Brandon Stanton has made a name for himself by taking random pictures of people in New York City. How? That’s the question many are asking, as the New York Times reports that his new book Humans of New York “has become an instant publishing phenomenon.” The book is a compilation of hundreds of his images and interviews.

The project originally started on Stanton’s Tumblr blog and website, HumansofNewYork.com. Stanton, a 29-year-old Georgia native, began walking up to complete strangers on the street, and would ask permission to take their picture. He usually published the pictures with a brief snippet of their conversation.

The stories are often humorous and somber. Take, for existence, two contrasting recent posts—the first features a man unloading boxes of Coronas:

“What was the saddest moment of your life?”
“Probably when I got arrested after a bar fight in Vegas.”
“What was the fight about?”
“I don’t even remember.”
“Do you remember the most frightened you’ve ever been?”
“Probably when I had a gun pulled on me in Canada.”
“What happened?”
“I think it started with us trying to pull a tree out of the ground, and ended in us chanting “USA! USA! Then somebody pulled out a gun.”
“I’m noticing a pattern.”
“Yeah, same group of guys.”

The second picture only shows a man’s shoes:

“My girlfriend and I aborted a child a couple of weeks ago.”
“I’m sorry for your loss.”
“We didn’t lose anything. It was a choice.”
“Were both of you equally on board with the decision?”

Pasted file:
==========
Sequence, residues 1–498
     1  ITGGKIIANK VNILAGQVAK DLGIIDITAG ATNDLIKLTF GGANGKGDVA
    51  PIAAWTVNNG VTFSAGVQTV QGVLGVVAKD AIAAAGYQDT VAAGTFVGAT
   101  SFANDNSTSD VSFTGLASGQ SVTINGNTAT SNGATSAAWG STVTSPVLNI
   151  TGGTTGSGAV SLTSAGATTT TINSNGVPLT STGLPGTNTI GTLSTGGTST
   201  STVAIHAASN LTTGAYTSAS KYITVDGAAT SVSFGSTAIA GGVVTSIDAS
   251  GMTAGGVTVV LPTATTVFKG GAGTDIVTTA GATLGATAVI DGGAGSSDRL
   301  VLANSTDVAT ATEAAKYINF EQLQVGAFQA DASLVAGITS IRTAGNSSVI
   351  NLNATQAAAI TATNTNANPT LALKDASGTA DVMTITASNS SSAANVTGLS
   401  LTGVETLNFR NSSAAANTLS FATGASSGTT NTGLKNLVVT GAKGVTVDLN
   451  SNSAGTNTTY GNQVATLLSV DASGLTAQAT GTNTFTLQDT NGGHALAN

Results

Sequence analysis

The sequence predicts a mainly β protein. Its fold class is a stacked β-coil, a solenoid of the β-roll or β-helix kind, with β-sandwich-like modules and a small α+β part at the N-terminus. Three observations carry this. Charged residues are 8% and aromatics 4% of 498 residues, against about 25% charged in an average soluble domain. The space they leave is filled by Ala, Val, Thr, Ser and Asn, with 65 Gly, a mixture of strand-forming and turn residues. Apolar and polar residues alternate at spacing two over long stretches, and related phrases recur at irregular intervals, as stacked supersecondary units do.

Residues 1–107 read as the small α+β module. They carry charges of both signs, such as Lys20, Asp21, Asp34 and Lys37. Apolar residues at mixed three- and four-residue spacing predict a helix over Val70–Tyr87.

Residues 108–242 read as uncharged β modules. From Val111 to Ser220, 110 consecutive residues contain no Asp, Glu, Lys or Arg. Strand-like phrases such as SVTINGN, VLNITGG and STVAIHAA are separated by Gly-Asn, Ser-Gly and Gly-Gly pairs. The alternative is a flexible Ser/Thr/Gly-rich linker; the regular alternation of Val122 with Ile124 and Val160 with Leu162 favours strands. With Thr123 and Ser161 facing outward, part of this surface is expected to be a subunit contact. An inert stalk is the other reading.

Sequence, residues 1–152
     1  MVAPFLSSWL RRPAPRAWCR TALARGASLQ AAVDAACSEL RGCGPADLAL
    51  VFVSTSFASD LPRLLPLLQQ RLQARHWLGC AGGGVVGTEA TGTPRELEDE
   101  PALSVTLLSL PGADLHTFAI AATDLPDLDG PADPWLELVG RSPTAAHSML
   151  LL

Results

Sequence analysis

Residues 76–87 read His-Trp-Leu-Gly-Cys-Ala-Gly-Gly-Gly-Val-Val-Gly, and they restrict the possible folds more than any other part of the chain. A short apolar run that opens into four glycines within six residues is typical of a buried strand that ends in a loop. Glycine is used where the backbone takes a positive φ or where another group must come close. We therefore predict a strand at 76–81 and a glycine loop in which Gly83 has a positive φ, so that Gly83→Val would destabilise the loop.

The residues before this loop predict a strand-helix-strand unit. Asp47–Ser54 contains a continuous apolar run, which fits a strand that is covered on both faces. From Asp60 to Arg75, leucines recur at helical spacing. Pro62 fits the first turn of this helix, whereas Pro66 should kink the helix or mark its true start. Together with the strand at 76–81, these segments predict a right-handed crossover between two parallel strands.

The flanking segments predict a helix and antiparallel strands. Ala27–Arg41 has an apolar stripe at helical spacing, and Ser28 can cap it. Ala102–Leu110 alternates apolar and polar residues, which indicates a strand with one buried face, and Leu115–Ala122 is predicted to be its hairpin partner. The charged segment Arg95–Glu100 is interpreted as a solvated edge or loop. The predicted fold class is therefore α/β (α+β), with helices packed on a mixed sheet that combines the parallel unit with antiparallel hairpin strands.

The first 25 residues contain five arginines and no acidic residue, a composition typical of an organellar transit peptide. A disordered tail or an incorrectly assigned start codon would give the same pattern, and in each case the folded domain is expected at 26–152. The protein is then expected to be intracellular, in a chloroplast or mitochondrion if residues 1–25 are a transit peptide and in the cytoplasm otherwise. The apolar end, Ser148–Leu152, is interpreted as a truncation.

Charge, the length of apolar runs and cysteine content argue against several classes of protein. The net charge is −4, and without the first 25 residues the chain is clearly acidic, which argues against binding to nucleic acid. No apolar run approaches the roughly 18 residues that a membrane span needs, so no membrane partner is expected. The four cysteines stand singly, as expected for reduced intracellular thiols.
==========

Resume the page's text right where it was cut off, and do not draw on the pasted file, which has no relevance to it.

“She followed my lead, which made it tougher I guess. But I’ve got so much going on right now, and she just opened her own theater show. It’s just not the right time.”
“How’s the aftermath been?”
“You know, I always thought of abortion as a common thing. I’m a liberal guy. Pro-choice and everything. But I never imagined how bloody painful it was going to be.”
“Do you mind if I post your story?”
“With my picture? I’d prefer not.”

Why do people enjoy reading Stanton’s stories and looking at the pictures? Stanton himself doesn’t seem sure, though he credits it to empathy built through the images: “It seemed like a stupid idea, just taking pictures of people on the street,” he told the New York Times. “But there’s a comfort, an affirmation, a validation in being exposed to people with similar problems.”

This explanation may hold true for some—but it also seems a somewhat narcissistic motivation. Do we really only care to read the stories of people who affirm and validate our own problems? Or is there something deeper at root here?

Some people can identify a moment when they have an overwhelming sense of the “other”: a moment in which our alienation from the mental, emotional, and physical existence of billions becomes sharp and poignant. Perhaps this moment happens while driving down a highway or staring out the window of an airplane. But in that moment, you suddenly realize: there are millions of lives, stories, and perspectives that you will never know. All human beings yearn for connection, for a destruction of mental and emotional alienation. We often have a sense that, if only we could, strangers on the street could become our kith and kin.

One of the greatest beauties of Stanton’s project is that it breaks down this barrier of finitude, if only for a brief moment in time. He enables readers to see and experience the perspective of a stranger. The viewer will probably never meet Stanton’s subjects in person—but in that moment, the reader and stranger share a connection. This is one of the beauties of literature: it bridges the divide of “other,” enabling us to taste and experience life beyond our own. Stanton’s project, with its juxtaposition of image and text, does the same. By cataloguing shared features of humanness, replete with longing, regret, and joy, he identifies a hidden community bridging all geographical, intellectual, social, and racial divides: a hidden community of simple humanness.